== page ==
In 1948, U.S. policymakers feared that Soviet-backed communists would win power in Italy. In response, as John Lewis Gaddis discusses in “The Cold War: A New History,” the role of the newly created CIA was extended beyond intelligence-gathering to allow the agency to funnel money and organizational support to pro-U.S. parties. American assistance may have included forging documents to discredit the Communist Party.

After Washington’s favored party won the Italian elections, such interventions became a staple of global-power politics. Political scientist Dov Levin estimates in International Studies Quarterly that Washington and Moscow intervened in a third country’s elections 117 times between 1946 and 2000. Sometimes, those interventions were overt, as when U.S. officials went out of their way to show favor to Chancellor Konrad Adenauer in West Germany’s 1953 elections. At other times, the interventions were kept secret, as with American support for Thai political parties in 1969.

The United States and Russia (or the Soviet Union) have meddled in elections because it has served their national interests and because the inherent risk has often paid off. Levin estimates that an overt intervention by a superpower yields a tilt toward its desired outcome equal to about 3 percent of the total vote. In a close election (such as West Germany’s in 1972 or Israel’s in 1992), that effect could easily be large enough to tip the balance.

Yet Levin’s research suggests that we also shouldn’t exaggerate the influence of interventions. Great powers can’t simply hand an election to their favored candidate. At best, they can swing support from a candidate they oppose to the most popular candidate they find acceptable.

In other words, even if Moscow is using its resources to back Trump’s campaign, that doesn’t mean Trump is a Manchurian (Muscovite?) candidate bent on doing Vladi­mir Putin’s will. It could simply mean that the Kremlin thinks it could benefit more from a President Trump than from a Hillary Clinton administration.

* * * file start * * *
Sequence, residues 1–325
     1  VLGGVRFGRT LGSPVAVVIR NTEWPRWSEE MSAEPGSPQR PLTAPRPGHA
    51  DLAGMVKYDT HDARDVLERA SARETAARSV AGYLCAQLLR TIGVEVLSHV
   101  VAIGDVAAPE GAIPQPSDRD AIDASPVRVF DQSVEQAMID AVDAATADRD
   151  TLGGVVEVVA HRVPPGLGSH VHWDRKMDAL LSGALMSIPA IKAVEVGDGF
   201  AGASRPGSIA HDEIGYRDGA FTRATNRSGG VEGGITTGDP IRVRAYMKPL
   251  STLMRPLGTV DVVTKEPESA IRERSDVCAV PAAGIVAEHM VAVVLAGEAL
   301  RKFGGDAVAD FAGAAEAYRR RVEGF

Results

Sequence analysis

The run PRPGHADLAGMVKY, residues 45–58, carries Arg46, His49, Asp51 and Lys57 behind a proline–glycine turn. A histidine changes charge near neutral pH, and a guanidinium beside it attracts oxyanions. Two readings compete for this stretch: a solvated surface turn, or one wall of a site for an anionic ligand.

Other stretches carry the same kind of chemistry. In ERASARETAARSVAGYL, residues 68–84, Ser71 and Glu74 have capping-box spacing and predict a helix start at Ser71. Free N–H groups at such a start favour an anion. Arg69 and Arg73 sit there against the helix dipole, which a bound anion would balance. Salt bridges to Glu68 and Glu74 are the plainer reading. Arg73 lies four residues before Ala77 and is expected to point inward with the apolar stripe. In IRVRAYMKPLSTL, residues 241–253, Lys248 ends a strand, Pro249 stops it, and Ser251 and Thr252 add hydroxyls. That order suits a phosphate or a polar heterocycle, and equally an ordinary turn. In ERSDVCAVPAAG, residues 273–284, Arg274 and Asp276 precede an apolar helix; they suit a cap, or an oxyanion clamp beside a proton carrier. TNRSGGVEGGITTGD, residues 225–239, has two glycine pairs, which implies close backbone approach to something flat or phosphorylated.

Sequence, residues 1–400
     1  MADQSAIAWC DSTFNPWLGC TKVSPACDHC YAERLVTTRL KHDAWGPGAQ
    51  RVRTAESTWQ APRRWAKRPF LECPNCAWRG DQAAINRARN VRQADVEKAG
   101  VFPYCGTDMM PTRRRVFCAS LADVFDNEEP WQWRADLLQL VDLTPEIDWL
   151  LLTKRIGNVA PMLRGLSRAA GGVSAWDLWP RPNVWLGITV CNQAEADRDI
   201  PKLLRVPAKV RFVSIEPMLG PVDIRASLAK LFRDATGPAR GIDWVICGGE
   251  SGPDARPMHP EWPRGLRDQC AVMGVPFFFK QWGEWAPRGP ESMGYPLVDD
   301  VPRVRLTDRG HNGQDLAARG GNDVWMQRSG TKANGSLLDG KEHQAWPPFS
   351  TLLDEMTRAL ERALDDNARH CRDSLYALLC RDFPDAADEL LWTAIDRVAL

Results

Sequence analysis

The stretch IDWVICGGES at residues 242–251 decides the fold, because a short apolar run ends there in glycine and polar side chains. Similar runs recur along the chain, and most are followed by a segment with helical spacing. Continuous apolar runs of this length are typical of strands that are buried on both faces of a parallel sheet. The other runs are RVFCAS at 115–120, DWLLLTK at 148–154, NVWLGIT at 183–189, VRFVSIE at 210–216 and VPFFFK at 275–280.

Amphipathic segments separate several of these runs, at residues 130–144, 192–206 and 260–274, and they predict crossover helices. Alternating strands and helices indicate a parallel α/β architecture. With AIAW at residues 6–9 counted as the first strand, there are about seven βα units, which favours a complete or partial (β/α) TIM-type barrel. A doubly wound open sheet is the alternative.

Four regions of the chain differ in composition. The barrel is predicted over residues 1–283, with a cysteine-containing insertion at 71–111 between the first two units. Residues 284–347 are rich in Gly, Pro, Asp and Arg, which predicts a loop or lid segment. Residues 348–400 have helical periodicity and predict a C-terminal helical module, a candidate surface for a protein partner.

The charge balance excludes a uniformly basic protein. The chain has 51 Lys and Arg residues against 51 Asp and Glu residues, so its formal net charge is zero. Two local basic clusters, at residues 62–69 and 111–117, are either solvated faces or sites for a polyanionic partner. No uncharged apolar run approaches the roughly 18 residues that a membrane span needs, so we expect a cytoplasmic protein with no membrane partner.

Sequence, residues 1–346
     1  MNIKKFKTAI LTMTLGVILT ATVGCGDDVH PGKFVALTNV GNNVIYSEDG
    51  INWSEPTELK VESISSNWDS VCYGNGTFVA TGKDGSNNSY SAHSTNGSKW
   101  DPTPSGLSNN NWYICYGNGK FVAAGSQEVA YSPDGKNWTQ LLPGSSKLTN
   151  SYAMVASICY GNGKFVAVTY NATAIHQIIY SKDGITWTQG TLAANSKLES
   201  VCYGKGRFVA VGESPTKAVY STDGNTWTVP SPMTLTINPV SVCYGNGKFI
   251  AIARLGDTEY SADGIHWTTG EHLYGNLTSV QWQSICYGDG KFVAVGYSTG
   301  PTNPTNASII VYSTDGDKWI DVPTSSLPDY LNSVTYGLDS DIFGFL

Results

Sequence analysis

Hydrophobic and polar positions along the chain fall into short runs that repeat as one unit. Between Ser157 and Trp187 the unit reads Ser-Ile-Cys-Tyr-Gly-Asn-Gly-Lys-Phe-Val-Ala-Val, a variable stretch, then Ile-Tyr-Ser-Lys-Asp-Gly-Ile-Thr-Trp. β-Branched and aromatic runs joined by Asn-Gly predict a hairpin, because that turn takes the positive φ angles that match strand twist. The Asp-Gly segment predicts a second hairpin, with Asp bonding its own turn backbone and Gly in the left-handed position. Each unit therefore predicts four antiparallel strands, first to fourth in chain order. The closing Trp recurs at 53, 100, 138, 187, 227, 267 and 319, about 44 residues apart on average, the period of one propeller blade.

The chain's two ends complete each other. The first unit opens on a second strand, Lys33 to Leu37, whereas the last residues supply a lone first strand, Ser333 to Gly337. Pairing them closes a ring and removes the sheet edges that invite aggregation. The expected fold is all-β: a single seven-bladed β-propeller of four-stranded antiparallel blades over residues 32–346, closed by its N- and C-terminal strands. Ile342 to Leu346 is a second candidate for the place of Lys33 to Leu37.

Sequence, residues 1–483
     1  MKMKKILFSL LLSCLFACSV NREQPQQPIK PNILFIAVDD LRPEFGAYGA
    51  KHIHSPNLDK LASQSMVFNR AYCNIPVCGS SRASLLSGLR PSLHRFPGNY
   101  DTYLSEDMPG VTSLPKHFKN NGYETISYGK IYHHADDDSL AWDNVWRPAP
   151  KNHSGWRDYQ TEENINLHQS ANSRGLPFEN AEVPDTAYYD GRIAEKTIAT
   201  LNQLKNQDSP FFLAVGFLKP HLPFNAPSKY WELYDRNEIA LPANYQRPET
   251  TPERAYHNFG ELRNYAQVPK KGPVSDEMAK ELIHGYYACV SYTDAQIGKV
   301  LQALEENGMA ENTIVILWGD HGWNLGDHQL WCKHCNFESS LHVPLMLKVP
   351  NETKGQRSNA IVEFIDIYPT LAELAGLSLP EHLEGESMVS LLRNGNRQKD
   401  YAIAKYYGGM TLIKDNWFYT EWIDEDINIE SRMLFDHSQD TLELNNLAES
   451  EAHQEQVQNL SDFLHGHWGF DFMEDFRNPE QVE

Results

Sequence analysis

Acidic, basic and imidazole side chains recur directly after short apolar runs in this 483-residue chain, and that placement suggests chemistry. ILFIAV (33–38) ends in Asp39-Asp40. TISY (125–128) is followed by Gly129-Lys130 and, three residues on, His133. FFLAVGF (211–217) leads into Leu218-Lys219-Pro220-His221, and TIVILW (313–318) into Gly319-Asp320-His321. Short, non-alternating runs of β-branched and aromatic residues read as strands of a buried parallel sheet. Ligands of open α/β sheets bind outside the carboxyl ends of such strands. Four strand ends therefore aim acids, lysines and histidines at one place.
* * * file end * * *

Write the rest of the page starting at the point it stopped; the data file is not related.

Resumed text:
More generally, an intervention can succeed only if someone in the targeted country cooperates with the outside power. American and Soviet interventions worked because the rival superpowers could find parties whose beliefs (or greed) proved simpatico. But the Soviets never successfully intervened in a U.S. election, because no major political figure wanted to be associated with the Soviet Union. Collaboration would have been unthinkable.

Until this past week, one might have thought a similar taboo would prevent candidates from capitalizing on foreign efforts to influence U.S. elections. Candidates might be tempted to give credence to leaked documents, especially if juicy revelations have the potential to undermine a rival. But you’d expect them to keep their distance. After all, the documents could easily be forged. And, more important, a foreign power deciding what gets released and when will always favor its own interests over the interests of the United States.

The best strategy for a U.S. candidate, then, is to publicly denounce such leaks as unacceptable and dangerous, no matter which party they benefit. Yet the Trump campaign has embraced the tactical upside of the scandal, with the candidate himself even urging Russia on. “If Russia or any other country or person has Hillary Clinton’s 33,000 illegally deleted emails, perhaps they should share them with the FBI!” Trump tweeted. (He later said he was being sarcastic.)

Regardless of whether this document leak resulted from a foreign government’s actions, Trump’s response has once again weakened the foundation of American democracy.

This text has been updated.